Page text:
Shan mutters something like she’s talking to someone there, but she’s alone. Then, she walks back towards us.

“It’s Lucy’s turn!” Myra shouts, making us all jump. We run at the edge of the circle as Lucy, stepping on the line, rounds us up. We shriek as she chases us and we duck to avoid her hands.

“Can I play with you?”

We stop in our tracks and look at Shan standing in front of us.

“Hey, Shan, what’s with your voice?” I ask, smiling at her. I think she’s playing a prank on us.

“This is my voice.” She looks straight at me. I feel the hairs on my arms and the back of my neck standing.

“Can I join you?” she asks again, sounding nervous in a different voice. She sounds like a little girl. “I really want to play and be happy like you.”

We look at Shan. I slowly take a step backwards. The other girls huddled closer to me. Lucy murmurs that it’s not Shan. Myra says we should bring her to a teacher.

“Le-let’s go back to our classroom for now. We’re already tired,” I said to Shan or the girl. We have to do something. I can’t help but stammer.

“Okay, I’ll come with you.”

We turn and walk ahead of her. Still huddled together, the five of us walk fast. We have to find a teacher in the area. I peek at the windows as we pass several rooms. We almost run, but Shan is following us.

The door of the guidance office is open. I spot Ma’am Anna at her table, writing something. We enter the door as I stammer a greeting. We run to her table and I explain to her our situation, pointing at Shan. After listening to me, she stands and walks in a slow but deliberate pace towards Shan at the door like she’s welcoming a guest that has come unexpectedly for a visit.

“Hello. I’m teacher Anna. What is your name?”

“I have no name.”

“Why are you here?”

“I want to play with them. “ Shan points at us. “I want to be happy, too.”

“How about your mother? She’ll surely worry if you’re missing.”

Shan becomes silent as if thinking what Ma’am Anna said.

“Yes, my mother will be worried. I have to go home.”

Ma’am Anna turns to us. “You should go back the same way where you saw her. Take the same path you took in coming her up to where you saw her last.”

She looks at me in the eye. “Yes Ma’am.” I understand what she wants us to do. Then, she turns back to Shan, saying “Time for you to go home.”

I tug my friends’ hands and we exit from the door. Shan follows behind. We walk fast, retracing the same path we took earlier. We march passing along the rooms. Other students stare at us, curious. We return to the circle, but I urge them that we go to the sampalok tree. We continue walking towards it.

We stop at a little distance from the tree. Shan passes us and stops directly in front of its big trunk. Then, she turns her back, facing us.

“Oh, why are we here? Lucy’s the next It, right?”


I’m inside the Guidance Office preparing reports for tomorrow’s deadline. I have to meet the peer counsellors, too. They have to elect new set of officers for this school year.

The seventh grade students are playing noisily outside even though it’s hot. Perhaps, they have no teacher again. Some are shouting and chasing each other. I write down more names before I check my watch. Eleven thirty. I can hear my stomach growling. I’ll finish this report in front of me, and then I’ll head to the canteen to eat.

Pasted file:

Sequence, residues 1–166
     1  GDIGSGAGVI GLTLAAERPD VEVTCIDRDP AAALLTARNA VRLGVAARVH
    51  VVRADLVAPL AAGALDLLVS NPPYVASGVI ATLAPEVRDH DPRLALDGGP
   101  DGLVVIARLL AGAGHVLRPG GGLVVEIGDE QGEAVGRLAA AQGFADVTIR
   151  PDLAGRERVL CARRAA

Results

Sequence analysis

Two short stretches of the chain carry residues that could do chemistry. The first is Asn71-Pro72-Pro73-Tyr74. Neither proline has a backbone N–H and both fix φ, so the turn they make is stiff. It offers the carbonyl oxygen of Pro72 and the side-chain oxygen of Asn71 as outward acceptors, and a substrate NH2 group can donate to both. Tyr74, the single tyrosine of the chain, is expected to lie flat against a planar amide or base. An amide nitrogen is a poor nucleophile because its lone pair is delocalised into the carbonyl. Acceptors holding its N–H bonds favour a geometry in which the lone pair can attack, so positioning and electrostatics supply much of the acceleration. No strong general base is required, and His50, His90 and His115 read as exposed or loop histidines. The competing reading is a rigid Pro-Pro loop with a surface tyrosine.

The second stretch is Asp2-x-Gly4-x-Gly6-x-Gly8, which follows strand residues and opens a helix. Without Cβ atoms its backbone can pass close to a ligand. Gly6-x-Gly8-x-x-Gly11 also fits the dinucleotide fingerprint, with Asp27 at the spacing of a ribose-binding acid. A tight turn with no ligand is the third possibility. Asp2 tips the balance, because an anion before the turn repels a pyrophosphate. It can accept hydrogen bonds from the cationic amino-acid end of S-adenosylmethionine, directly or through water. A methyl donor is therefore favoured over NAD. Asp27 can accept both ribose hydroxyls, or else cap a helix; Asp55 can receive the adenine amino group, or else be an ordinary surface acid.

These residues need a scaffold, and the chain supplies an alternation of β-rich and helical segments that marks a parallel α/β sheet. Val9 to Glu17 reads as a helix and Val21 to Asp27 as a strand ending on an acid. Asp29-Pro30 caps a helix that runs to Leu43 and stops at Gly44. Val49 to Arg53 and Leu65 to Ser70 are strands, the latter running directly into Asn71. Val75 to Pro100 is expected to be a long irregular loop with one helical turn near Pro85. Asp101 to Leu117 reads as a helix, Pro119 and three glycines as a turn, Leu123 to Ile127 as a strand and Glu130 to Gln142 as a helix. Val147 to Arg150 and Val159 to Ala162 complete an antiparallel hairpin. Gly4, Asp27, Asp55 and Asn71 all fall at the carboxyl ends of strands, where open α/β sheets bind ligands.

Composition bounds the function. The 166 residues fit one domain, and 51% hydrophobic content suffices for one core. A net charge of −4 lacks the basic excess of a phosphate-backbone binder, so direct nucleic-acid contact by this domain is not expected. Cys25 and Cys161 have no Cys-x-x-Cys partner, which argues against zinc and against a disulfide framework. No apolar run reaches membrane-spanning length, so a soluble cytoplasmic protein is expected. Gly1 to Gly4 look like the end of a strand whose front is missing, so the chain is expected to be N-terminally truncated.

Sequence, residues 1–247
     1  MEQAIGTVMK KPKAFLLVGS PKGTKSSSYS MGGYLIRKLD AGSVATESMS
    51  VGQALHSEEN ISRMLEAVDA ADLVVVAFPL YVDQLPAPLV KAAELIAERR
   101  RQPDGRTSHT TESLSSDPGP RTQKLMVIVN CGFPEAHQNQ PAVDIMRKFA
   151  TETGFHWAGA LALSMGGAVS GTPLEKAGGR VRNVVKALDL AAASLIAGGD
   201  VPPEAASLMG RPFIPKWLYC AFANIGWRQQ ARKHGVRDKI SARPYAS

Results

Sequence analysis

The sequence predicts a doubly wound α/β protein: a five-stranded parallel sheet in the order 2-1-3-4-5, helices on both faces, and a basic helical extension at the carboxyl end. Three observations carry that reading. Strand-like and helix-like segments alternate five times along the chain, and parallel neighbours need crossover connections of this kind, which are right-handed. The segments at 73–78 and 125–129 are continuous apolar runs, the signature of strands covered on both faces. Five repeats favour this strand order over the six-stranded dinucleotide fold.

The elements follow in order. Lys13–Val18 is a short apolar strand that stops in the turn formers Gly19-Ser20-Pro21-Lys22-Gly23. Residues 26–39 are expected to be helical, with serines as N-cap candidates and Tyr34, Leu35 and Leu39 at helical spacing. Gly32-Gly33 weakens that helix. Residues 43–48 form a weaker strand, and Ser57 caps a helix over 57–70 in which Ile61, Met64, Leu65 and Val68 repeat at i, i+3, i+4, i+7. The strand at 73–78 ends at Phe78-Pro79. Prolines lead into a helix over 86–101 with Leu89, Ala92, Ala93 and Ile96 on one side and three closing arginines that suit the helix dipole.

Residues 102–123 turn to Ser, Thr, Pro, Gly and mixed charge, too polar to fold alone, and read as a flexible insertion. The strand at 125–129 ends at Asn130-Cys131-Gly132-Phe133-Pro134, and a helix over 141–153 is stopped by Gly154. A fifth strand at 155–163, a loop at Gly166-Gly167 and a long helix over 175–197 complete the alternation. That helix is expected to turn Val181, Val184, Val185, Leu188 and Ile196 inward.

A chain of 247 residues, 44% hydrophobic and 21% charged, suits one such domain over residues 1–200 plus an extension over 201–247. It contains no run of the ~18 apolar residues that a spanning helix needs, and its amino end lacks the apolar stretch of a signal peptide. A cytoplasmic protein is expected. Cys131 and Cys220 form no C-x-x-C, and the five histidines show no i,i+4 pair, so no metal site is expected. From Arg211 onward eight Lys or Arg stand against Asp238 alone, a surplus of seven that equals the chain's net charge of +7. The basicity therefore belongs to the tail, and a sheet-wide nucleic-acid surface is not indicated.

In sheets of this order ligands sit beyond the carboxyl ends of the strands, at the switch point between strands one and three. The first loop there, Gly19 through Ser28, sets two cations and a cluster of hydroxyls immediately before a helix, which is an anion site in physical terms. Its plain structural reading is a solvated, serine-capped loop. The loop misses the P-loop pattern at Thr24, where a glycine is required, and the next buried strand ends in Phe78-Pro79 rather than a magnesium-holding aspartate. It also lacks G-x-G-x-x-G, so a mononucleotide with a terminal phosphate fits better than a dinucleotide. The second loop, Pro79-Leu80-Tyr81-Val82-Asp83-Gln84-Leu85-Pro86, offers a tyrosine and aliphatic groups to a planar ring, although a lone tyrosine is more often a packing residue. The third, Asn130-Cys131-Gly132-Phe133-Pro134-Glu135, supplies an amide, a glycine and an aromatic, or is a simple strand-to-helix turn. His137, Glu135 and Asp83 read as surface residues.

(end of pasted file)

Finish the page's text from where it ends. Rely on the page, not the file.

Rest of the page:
“Go-good morning, Ma’am,” a female student greets me at the door which makes me look up. Without waiting for my reply, she, with four more female students, rushes to my table. They are all sweaty, but their faces register a look of something else.

“Ma’am, our classmate,” the one who greeted me speaks in an agitated voice. “Something is wrong with her.”

“What is it?” I ask, letting her continue.

“We were playing outside when I saw her go to the sampalok tree and talk to someone there, but she’s alone. Then, when she came back, she asked us if she can join us playing. Her voice changed,” she gestures towards another student who just came in.

I have heard several stories in this school about female students who were possessed by spirits. Most of them would act strange and sound different. I even saw one student who screamed in a male voice when a pastor came to drive the spirit out from her body. That time, three to four classmates were pinning her down but she was so strong. Some said that an engkanto liked her and wanted her to come with him. These spirits are said to reside in trees or in the classrooms. That sampalok tree between the Grade 7 rooms has been there even before I came to this school, but this is the first time that the tree was an element to a possession. I have to make sure of it.

I stand from my chair and walk towards the student. She remains standing at the door.

“Hello. I’m teacher Anna. What is your name?” I ask her when I’m near enough, smiling at her.

“I have no name,” she responds, her mouth moving a little too awkward. Her voice is that of a little girl, about six or seven years old. Suddenly, I feel cold all over.

“Why are you here?”

“I want to play with them. “ She points at the girls. She sounds like she’s going to cry. “I want to be happy, too.”

“How about your mother? She’ll surely worry if you’re missing.”

She looks at me without saying a word. The question seems to make her think. “Yes, my mother will be worried. I have to go home.”

I feel relieved inside. I turn to the girls, especially to the student who talked to me, and give her instructions. Then, I face the little girl again. “Time for you to go home.”

She smiles back. Or is it a smile?

They leave through the door. The five students walk briskly as the little girl follows behind. She is lonely, but she can’t play with them.